Manufacturers remind us that the simple things are valuable things as far as maintaining skid steer loaders to keep operating costs in line.
“The best way for managers to keep operating costs down is to follow through on the simple things,” says George MacIntyre, product manager, skid steers and CTLs, Case Construction Equipment.
“It’s critical that equipment owners keep up on the regular maintenance intervals recommended by the OEM. Also, many machines now offer economy modes and settings—be sure to utilize those economy settings on the skid steer if available.
Economy modes and settings
“Case offers economy modes on all electro-hydraulic (EH) control units,” MacIntyre says. “The economy mode includes features like engine shutdown, ignition timeout, and engine protection features that extend the life and performance of the engine, battery, and other critical systems.”
Kevin Coleman, senior product specialist for Caterpillar, stresses service access as an important maintenance factor.
“The biggest driver to high operating costs is unplanned downtime, so take time to evaluate the access for daily service and routine maintenance items,” Coleman says.
“Daily checks and fill items, such as engine oil, should be easy to accomplish without having to reach into areas where components may be hot,” he says. “Routine maintenance items, like cleaning and replacing the engine air filter, should be quick and simple without requiring bolts and panels to be removed. Other routine maintenance items, like the fuel filter or hydraulic filter, should be straightforward to locate and access without requiring other components, like cabs or cooling cores, to be unbolted and moved.”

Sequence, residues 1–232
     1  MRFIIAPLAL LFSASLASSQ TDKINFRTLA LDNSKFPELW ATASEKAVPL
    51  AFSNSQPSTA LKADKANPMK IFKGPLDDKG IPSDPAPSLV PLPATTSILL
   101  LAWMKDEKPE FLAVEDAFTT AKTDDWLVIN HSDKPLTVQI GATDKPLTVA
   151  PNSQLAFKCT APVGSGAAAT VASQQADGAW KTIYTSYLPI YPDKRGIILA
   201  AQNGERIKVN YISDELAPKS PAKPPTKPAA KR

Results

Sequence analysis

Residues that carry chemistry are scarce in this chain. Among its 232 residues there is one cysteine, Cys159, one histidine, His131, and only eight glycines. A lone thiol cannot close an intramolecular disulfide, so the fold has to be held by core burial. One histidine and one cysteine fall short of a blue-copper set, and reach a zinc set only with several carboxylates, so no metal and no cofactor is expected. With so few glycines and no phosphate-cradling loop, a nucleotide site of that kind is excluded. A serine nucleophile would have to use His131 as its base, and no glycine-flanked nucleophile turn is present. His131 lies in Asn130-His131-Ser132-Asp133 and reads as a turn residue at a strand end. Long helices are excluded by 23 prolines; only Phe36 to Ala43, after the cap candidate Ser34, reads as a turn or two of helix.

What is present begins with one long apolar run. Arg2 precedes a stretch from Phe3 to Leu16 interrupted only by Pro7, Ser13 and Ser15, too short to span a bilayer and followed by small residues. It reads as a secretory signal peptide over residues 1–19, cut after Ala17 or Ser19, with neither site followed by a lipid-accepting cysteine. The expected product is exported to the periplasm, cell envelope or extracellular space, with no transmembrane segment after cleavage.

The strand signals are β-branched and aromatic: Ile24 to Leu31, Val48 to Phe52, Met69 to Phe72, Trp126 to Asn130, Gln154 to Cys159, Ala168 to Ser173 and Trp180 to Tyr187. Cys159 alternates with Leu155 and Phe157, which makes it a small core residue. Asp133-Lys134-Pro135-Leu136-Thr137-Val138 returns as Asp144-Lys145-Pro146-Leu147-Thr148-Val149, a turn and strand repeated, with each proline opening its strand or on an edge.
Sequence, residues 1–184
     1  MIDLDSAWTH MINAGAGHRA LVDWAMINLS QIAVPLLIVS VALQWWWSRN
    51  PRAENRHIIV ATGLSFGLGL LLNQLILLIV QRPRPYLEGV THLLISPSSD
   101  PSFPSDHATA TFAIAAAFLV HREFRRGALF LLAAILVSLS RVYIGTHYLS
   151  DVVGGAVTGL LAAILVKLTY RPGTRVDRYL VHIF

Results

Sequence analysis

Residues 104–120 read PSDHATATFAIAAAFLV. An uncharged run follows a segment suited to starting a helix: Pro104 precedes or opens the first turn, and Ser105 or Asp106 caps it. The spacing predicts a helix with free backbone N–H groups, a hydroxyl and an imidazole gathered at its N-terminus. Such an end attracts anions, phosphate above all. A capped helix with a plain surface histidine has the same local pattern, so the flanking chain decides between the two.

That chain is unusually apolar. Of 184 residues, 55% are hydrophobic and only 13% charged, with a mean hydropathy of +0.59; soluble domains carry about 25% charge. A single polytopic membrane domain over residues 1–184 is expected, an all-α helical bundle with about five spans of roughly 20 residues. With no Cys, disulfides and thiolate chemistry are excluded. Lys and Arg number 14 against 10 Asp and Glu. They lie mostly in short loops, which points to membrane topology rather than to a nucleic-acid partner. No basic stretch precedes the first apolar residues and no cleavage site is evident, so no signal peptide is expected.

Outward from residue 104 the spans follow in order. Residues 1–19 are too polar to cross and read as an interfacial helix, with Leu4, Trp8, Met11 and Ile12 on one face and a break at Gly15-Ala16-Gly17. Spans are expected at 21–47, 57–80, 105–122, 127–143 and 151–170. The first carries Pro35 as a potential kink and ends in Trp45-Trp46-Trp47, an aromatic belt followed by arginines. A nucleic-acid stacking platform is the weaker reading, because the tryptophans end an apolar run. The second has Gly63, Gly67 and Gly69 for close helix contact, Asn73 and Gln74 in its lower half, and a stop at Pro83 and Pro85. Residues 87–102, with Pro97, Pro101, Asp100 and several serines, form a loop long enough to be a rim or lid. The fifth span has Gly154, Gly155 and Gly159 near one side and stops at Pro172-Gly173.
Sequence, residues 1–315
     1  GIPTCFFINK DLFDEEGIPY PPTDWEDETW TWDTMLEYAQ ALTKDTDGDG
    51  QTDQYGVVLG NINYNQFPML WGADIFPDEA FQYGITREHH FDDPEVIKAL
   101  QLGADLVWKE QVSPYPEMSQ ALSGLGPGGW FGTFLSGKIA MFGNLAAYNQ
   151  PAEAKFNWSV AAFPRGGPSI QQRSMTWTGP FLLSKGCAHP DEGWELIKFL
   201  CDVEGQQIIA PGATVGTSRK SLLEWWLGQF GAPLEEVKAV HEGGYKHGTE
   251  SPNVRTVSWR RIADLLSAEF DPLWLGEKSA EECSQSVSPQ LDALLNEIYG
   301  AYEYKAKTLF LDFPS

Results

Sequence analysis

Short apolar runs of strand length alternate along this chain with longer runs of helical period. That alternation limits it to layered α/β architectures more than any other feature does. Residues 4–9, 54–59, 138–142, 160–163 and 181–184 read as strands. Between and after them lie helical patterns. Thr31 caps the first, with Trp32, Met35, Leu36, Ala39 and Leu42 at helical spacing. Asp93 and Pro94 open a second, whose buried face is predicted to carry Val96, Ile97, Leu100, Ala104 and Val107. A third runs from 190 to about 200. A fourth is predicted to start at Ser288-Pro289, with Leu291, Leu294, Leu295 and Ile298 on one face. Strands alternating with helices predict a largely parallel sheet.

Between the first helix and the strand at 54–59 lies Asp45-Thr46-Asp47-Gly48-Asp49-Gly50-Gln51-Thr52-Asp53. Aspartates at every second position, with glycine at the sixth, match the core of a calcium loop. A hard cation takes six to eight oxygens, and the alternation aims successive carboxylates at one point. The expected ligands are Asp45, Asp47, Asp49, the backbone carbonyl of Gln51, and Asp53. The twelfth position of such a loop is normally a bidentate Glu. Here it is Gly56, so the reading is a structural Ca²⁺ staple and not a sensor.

Coleman also says to consider longer-life fluids as part of a basic maintenance strategy.
“To avoid additional maintenance downtime, machines equipped with longer life fluids can decrease service frequency,” he says. Coleman cites the example that the factory-installed hydraulic oil for the Cat SSLs does not require a change until the machine reaches 6,000 hours.
“All that’s needed is for the oil to be monitored with the Cat SOS [scheduled oil sampling] program and regular filter changes per the schedule in the owner’s manual,” Coleman says. “Similarly, the factory-installed extended life engine coolant is designed for a life of up to 12,000 hours. Not having to service these items as frequently can save money and time.”
Finally, don’t forget the various resources available to help, such as the operator’s manual. Also, OEMs and fellow operators and managers have placed their maintenance expertise and experience on the Internet.
“Caterpillar has a library of YouTube videos to further describe many of these items for owners and operators regarding the servicing their machines,” Coleman says.
Case has also put up a series of “Tech Talk” videos pertaining to maintenance and other topics.